- I will then have a team meeting to review what we need and what we like
- Any team wide system change should involve all parties
- Deadlines should have engineer involvement and not be dictated downwards
For example in my latest team we discussed the tools we wanted and we decided to use
- Slack for IM
- BaseCamp for idealization and research
- Github for product/features/user stories and code/issue management – The way we used tags evolved several times.
Freedom to solve the actual problem
Sometimes Product/founders/Engineering leads may try to solve the problem in their way i.e. micromanage. Giving the engineer the “code monkey” role of just coding to a very prescribed way i.e. an exacting feature. Giving no space, to actually problem solve can be very limiting and create an environment where creativity and innovation are stifled i.e. the evil called micromanagement. Most humans do not like their freedom taken from them. So find the the right balance between the organizations’ needs and the employees. That said some people like more structure, context matters.
- Give space for engineers to solve the problem in their way. If you are already using Agile then you may evolve the story a couple times as users respond to the work.
- Within the user stories/feature requirements do not limit. Ensure you actual describe the problem you want solve, suggestion ideas/solutions but where possible do not dictate
- Involve the team in talking about the features and discussing possible approaches, but the actual engineer who takes the feature gets to decide
- Engineers should have some understanding of the customers. Ensure your engineers meet customers, and spend time with your Customer success/relations people.
- Keep the engineer accountable for the response by users. Thus have good monitoring software and have a culture when engineer go back to check the real world implications of their work.
Micro Management is the evil of leadership, it kills creativity, innovation, trust, and growth. It can appear both in a manager and in the processes you impose on your people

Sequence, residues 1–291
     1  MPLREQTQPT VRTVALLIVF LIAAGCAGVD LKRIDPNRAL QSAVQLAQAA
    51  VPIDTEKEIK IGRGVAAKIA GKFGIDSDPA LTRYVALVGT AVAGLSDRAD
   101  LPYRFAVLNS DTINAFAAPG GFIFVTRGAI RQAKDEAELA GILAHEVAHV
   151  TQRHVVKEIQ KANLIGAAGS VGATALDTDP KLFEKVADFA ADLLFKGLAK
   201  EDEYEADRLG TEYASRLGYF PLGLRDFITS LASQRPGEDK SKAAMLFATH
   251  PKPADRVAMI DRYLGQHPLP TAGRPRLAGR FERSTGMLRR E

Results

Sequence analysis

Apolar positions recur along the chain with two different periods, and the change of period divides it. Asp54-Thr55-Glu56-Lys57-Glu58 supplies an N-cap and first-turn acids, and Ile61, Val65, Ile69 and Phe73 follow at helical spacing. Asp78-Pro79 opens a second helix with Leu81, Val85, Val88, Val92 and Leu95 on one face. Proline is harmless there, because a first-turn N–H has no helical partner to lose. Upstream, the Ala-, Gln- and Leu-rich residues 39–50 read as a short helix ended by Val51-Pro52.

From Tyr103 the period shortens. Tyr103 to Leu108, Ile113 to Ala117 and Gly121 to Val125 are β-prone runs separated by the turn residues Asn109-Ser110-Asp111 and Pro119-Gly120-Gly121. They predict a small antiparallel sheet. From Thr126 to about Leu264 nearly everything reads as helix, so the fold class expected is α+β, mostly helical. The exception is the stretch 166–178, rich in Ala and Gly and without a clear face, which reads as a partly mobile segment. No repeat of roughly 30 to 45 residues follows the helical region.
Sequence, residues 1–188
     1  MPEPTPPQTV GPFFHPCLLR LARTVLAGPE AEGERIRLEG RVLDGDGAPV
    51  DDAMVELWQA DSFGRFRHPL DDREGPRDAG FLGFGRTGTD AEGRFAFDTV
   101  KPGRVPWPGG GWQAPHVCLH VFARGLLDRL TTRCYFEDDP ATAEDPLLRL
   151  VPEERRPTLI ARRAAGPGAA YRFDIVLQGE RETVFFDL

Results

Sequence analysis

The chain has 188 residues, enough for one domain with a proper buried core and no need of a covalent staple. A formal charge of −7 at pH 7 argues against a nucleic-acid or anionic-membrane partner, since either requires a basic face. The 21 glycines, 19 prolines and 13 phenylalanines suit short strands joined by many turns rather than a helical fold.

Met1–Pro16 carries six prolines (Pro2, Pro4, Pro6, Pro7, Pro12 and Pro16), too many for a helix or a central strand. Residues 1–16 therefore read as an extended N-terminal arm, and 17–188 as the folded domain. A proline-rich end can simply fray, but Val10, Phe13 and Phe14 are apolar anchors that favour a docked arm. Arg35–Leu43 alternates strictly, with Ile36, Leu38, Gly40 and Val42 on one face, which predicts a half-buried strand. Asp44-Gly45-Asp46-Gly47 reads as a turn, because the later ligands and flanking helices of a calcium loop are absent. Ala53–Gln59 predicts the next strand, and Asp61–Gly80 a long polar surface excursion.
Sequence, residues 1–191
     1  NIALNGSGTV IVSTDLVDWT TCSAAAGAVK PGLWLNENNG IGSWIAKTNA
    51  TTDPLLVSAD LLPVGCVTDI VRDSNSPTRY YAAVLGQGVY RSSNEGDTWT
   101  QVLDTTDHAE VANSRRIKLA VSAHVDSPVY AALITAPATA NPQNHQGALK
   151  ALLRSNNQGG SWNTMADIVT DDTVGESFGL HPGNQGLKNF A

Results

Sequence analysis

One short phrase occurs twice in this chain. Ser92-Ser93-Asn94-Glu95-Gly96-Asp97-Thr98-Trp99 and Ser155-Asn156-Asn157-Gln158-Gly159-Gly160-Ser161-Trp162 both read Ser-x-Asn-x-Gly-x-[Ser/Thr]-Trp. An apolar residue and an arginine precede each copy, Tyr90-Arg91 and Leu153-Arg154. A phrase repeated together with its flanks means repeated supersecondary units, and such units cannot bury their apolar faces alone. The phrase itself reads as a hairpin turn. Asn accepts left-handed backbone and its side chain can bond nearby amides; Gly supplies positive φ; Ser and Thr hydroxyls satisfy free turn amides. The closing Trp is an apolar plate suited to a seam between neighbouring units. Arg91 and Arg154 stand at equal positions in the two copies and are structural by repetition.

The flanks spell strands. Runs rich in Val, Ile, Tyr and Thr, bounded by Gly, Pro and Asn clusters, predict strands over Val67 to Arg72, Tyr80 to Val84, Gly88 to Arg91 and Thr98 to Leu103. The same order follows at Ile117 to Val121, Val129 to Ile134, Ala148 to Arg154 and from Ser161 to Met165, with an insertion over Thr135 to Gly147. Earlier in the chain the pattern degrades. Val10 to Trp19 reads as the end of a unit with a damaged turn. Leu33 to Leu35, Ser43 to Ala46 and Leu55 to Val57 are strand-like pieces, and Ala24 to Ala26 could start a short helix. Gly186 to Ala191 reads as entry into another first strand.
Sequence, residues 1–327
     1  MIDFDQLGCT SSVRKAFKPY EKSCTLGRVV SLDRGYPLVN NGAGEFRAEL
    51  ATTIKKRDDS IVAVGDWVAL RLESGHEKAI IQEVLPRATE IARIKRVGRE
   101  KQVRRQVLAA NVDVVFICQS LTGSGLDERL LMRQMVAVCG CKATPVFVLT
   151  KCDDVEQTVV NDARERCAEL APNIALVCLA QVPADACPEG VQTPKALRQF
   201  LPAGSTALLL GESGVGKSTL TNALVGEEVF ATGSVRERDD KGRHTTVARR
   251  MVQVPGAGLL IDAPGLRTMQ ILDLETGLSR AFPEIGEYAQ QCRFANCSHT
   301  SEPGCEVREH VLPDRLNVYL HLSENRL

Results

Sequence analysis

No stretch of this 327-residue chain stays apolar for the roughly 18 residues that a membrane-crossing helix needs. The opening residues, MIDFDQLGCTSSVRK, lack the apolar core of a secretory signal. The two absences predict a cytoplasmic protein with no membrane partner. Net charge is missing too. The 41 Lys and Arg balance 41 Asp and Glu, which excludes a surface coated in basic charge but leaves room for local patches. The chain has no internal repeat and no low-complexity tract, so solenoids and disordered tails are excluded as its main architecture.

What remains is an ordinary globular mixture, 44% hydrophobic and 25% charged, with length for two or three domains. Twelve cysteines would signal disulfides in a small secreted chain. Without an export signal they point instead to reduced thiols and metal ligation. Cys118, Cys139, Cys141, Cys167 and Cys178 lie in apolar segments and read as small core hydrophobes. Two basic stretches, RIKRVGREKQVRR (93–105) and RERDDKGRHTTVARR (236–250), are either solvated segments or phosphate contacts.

A culture of science
Scientists experiment many times and fail many times and one day they get it right. Encourage a culture of learning from mistakes not teasing/persecution which means encouraging experimentation and forgiveness.
- Discussion should be based on logic in reference to code
- Create an environment where people can I say “I do not know.. but here is an idea/feeling/instinct”
- Call people out if they tease others about their failures or use it to argue they case in a discussion
- Careful to not let irrelevant aspects enter into the discussion such as gender, race, age or sexuality. I say careful because humour can involve these but they should not sway discussions and the receiving of the humour should not be hurt.
Experimentation and failure should be Ok, team members should not “haze” each other. Leadership need to be able to move on
To build a team well, needs reflection and the teams involvement
The team needs time to connect as a team and evolve together as a team. We have a book club where we talk about the teams performance in terms not related to code. How good are we at communicating:
- Giving/receiving feedback
- How do we react to others ideas?
- Who do we go to help us through problems?
- Who pair code with more often
- How much do we know about each others strengths and weaknesses?
- How vulnerable can we be with each other?
We used The Five Dysfunctions of a Team to kick start this conversation. Every couple months we take time to talk about how a team we are in terms of communication. You need to invest in the actually team to have a team..
You need time for the team to talk about the team, spot weaknesses and evolve
Ask your people how you are doing